The History of Leith

November 10, 2004


LEITH Franklin Cricket Club is believed to be one of the oldest outdoor sporting clubs in Leith and has been playing on the same cricket square for almost 150 years.The original cricket club was called the Hermitage which was formed some time before 1850 but in 1852 some workers in Fullartons printing works in Stead’s Place formed a club called Stead’s Place Cricket Club which was sometimes referred to as Fullarton’s Cricket Club but at the end of the 1852 season the members decided to open the membership to all interested in the game and they called the club after one of the most famous printers of the 18th century, Benjamin Franklin.

Not only was he a printer, But something of a scientist and later became one of the authors of the Constitution of the United States during the War of Independence. In 1752 he happened to invent the lightning conductor and the centenary of that event may have led the members of the cricket club to adopt his name.

Not too much is known about the club prior to 1863 except that it was run by Thomas Murray, the manager of the printing works who later became Secretary and then President of the cricket club.The early fixture list was not extensive but teams representing Captain and Vice Captain, Married and Singles and Other Members against the Volunteers added to the list.

Franklin were very successful during the early years of play and they are recorded as having remained unbeaten at home for the first ten years. Without declaration rules Franklin are said to have fielded all afternoon during the 1867 season whilst Dalkeith scored 322 for nine wickets.This was the highest score by opponents until 1922 when Clydesdale scored 346 for nine wickets at the links of which Dan Mackay scored 257 not out, one of the highest individual innings recorded in Scotland.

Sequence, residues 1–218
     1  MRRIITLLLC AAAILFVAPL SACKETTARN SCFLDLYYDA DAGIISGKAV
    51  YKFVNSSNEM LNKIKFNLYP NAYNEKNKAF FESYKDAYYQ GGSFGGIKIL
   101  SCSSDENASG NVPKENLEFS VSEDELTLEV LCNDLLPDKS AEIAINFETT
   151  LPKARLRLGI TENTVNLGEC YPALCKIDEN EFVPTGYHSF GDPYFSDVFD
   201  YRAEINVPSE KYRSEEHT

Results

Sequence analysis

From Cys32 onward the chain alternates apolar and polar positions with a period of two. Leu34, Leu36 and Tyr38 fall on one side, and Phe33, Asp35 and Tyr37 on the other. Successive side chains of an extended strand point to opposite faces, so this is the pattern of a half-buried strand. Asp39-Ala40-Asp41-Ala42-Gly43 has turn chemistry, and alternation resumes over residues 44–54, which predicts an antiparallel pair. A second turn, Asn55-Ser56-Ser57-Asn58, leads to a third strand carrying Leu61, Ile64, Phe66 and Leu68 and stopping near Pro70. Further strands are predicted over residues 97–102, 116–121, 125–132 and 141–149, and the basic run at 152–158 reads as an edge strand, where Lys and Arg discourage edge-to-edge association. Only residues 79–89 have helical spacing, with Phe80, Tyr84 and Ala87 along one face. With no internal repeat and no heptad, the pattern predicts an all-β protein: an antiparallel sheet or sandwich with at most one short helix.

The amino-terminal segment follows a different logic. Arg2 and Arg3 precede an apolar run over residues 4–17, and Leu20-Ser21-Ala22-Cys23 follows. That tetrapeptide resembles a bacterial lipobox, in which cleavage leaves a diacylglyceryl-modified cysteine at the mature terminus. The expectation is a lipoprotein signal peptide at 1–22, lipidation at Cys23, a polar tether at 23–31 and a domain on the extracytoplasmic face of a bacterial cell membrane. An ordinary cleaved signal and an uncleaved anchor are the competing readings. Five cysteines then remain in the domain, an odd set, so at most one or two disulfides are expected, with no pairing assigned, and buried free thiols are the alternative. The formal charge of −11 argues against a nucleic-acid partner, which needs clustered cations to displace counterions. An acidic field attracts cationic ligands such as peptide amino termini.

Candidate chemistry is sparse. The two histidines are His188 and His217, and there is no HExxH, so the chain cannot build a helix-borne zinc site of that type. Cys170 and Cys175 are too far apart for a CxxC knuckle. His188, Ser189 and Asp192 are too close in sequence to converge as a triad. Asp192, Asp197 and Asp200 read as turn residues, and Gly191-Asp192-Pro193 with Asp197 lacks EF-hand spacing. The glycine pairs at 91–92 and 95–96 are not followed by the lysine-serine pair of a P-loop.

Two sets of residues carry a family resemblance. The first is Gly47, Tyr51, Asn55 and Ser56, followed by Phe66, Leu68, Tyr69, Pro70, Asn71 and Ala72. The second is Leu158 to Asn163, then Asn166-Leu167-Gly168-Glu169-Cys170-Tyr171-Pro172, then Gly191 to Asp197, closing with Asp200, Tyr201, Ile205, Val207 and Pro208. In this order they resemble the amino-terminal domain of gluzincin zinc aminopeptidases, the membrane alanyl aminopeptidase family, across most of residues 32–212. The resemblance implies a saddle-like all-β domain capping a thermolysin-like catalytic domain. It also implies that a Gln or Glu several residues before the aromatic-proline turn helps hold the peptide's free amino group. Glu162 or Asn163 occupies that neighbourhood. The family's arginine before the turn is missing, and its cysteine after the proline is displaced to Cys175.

The bulk of the membership of the club during the 1870’s was drawn from the printing works and the Murray and Welsh families seemed to have provided three or four players each around this period. The Sinclair family also provided several players as did the Mitchells and Clunies at a later period. The record however must have been held by the Cunningham family as nine members apparently played for the cluh over a period of several years.

The rise of the Leith Caledonian Cricket Club during the late 1800’s attracted members from the Franklin and the Club was at its lowest point when members of the Nelson Beaufort Club joined en masse and began to strengthen the playing membership so much so that in 1899 Caledonian were beaten for the first time. Prior to 1904, when golf ceased on the Links, playing cricket could be a somewhat hazardous sport trying to avoid the golf balls and it is recorded that on one occasion a crowd of some 2,000 chased the Volunteers away when they attempted to march across the cricket square. The Club did not function during the First World War and the square was relaid after war ended. For several years the Club went through a period of rebuilding but by the end of the 1920’s it had once again regained its prominent position in Scottish cricket.
The club did not close down during the Second World War and many good cricketers played for the Club when they were posted to the Edinburgh area for duty. Among these was A L Wisden the grand nephew of John Wisden, the Sussex and England cricketer who later became famous for his statistical records about the game. Several centuries have been scored by Franklin players in first eleven matches including two by Franklin’s only capped player Willie Hermiston who played against Ireland and New Zealand in 1949.

During the early years on the Iinks, players changed in a bell tent which was erected for that purpose but the first clubhouse was built in 1893 and was enlarged in 1929. Sadly the annual Edinburgh versus Leith cricket match is no Ionger played but many will remember the interest which was shown in this match and the many enthusiastic spectators who used to encircle the boundary line.

The club celebrated its centenary in 1952 and although changes have taken place over the past 50 years with amalgamations, the building of a new clubhouse and the occasional professional player it is still in good heart and will soon be looking forward to 2002 when it celebrates its 150th anniversary.

Source-“The Porthole”

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